Soon after the nation woke to freedom in 1947, it had to legislate that the people of the scheduled castes and scheduled tribes were so marginalized and so underprivileged that they needed special support through reservation systems. It is slowly paying off, as education and jobs are now empowering people of many groups which were hitherto lacking in opportunities to learn and grow.

One of the societal ills of ‘Casteism’ called ‘untouchability’ is, more or less, eradicated in India.

While there is still a lot that can be achieved, to bridge the gap between the divides of religion, caste, wealth, and gender, there has been substantial progress that cannot be overlooked.

The ministry of culture is actively ensuring that Indian culture is seen by tourists as well as foreigners who live outside but can learn online, with appropriate systems and processes that inform, educate, and inspire others.

India has one of the world’s largest collections of songs, music, dance, theatre, folk traditions, performing arts, rites and rituals, paintings, and writings that are known, as the ‘Intangible Cultural Heritage (ICH) of humanity. According to the national portal, in order to preserve these elements, the Ministry of Culture implements a number of schemes and programs aimed at providing financial support to individuals, groups, and cultural organizations engaged in performing, visual and literary arts, etc.

Art and Literature

Indian art in paintings and sculptures – found in thousands of old temples and monasteries across the subcontinent – shows a special skill and mastery of painters and craftsmen that make the art unique. Some of the art is thousands of years old and may have now moved to some museums.

The renowned painter Raja Ravi Verma may have become famous, in the west, after winning in 1873 Vienna Exhibition. But, much earlier than the European art forms, that grew during the renaissance period, the Indian ones like those at Ajanta and Ellora had flourished. Beautiful frescos here had existed for over 1000 years earlier.

In recent years, Gurudev Rabindranath Tagore’s winning of the Nobel Prize in Literature in 1913 may be special. But, in the post-independence era, Booker prizes were won by Arundhati Roy in 1997, Kiran Desai in 2006, and Aravind Adiga in 2008 giving India global recognition.

It is interesting to note that Indian Independence is a critical component of the 1981 book ‘Midnight’s Children’ by Salman Rushdie, This Indian-born British-American novelist not only won the Booker Prize but also the “Booker of Bookers”.

Indian independence is also a critical component in Geetanjali Shree’s 2022 book ‘The Tomb of Sand’ which is a translation from Hindi. It just won the 2022 International Booker Prize. Her novel is a family saga, set in the shadow of the partition of India, which follows an 80-year-old woman after the death of her husband.

Sports and Entertainment   

The robust programs of the Sports Authority of India have seen the establishment of many sports academies, across the country, that effectively train young athletes and groom them to become world champions.

Mostly, team sports used to win medals at the Olympics earlier, but with a huge shift now, many individuals are winning big medals at Olympics, Asian Games, and Commonwealth Games.

Hockey wins at the Olympics have always been the forte of India, but it had to patiently suffer a 41-year drought in this sport, from 1980 until the 2020 Tokyo Olympics when it finally won a bronze.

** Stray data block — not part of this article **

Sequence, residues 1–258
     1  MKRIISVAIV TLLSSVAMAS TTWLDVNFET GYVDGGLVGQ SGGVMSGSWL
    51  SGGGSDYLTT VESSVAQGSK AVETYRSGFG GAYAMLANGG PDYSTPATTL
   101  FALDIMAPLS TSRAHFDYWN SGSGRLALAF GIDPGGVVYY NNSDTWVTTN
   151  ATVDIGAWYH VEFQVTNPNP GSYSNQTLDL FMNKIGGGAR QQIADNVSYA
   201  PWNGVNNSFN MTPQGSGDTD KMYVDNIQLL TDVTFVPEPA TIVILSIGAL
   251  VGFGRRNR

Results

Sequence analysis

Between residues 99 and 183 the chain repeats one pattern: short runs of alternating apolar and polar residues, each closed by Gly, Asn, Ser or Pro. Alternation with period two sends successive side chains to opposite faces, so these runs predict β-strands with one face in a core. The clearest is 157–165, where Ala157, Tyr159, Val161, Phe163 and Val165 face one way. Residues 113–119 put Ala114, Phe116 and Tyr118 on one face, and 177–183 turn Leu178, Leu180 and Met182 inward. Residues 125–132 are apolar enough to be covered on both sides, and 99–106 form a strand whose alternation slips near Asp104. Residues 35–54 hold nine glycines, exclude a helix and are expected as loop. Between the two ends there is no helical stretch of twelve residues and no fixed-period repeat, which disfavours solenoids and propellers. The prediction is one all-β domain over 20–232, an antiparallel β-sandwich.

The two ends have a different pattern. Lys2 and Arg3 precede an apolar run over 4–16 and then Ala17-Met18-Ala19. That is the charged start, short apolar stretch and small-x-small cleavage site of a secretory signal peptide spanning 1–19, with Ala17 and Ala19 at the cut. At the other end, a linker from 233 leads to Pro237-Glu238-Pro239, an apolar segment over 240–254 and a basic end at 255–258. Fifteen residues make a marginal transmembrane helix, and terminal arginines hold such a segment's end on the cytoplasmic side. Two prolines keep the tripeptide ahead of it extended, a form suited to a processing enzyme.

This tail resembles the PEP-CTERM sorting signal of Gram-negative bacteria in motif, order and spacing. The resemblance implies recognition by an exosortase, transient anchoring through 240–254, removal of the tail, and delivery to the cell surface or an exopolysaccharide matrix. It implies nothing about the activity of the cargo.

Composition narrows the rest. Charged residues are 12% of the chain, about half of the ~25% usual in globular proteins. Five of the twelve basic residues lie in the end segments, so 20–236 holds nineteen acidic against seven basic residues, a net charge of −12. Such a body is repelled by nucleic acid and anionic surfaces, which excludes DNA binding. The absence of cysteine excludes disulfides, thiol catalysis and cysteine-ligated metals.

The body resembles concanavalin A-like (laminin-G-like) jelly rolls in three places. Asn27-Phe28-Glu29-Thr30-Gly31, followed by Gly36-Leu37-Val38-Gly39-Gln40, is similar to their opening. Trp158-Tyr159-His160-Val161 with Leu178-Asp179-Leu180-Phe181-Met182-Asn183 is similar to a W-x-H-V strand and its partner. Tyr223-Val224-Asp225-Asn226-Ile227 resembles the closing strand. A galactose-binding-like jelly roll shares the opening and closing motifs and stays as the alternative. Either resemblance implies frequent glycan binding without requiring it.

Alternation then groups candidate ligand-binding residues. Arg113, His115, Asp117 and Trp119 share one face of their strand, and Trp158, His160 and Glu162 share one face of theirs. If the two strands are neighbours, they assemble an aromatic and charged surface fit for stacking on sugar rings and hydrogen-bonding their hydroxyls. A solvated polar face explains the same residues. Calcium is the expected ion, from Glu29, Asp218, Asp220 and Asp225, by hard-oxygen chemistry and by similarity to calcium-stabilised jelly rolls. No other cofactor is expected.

India had won gold medals for hockey in London 1948, Helsinki 1952, Melbourne 1956, Tokyo 1964, Moscow 1980, and silver medal in Rome 1960, and bronze in Mexico City 1968, Munich 1972, and Tokyo 2020.

Post-independence, in 1952, the wrestler KD Jadhav’s won India’s first individual Olympic medal, a bantamweight bronze, and inspired many Indians to become individual champions at Olympics.

Since then added to the list of individual Olympians – in a variety of sports – are Leander Paes, Karnam Malleswari, Rajyavardhan Singh Rathore, Abhinav Bindra, Sushil Kumar, Vijay Kumar, Saina Nehwal, Mary Kom, Yogeshwar Dutt, Gagan Narang, PV Sindhu, Sakshi Malik, Mirabai Chanu, Lovlina Borgohain, Ravi Kumar Dahiya, Bajrang Punia, and Neeraj Chopra. Thirteen of these in just the last 10 years.

Cricket world cup wins of 1983 and 2011 are most memorable for the cricket-crazy India, which are held in the One Day International formats. Winning against Pakistan in 2007, in the T20 format will be equally memorable.

In the Asian Games of 1951, 1962, and 1970, India won gold in Football, but sadly has not repeated the wins yet, since 1970.

In films, television, and streaming OTT platforms, India’s production is staggering. India is the largest producer of movies and clearly one of the biggest sectors for employment.

While the National School of Drama, and the Film and Television Institute of India, help attract, build and hone acting talent, the National Film Development Corporation, helps produce films, especially, for those who cannot get private financing.

The setting up of legal frameworks for the operations of film studios, and for the regulation of actors’ work shifts, have all aided in the development of the film industry.

Bollywood movies and songs are now consumed by not just Indians or the Indian diaspora, but people of many other nationalities.

Conclusion

India certainly has many reasons to celebrate ‘Azadi ka Amrit Mahotsav’ the initiative by the Indian government to celebrate and commemorate 75 years of independence and the glorious history of its people, culture, and achievements.

These grand festivities of independence which started on 12 March 2021, with a 75-week countdown to our 75th anniversary of independence, will end after a year on 15th August 2023.

For years now, ‘Unity in Diversity’ is a special phrase that binds the people of India who take pride in their rich heritage, diverse culture, dynamic structures, and innovative spirit. 

Seventy-five years is but a small dot in the long line of Indian history. But the amazing achievements of India in these years are worthy of celebration.

By Joel Indrupathi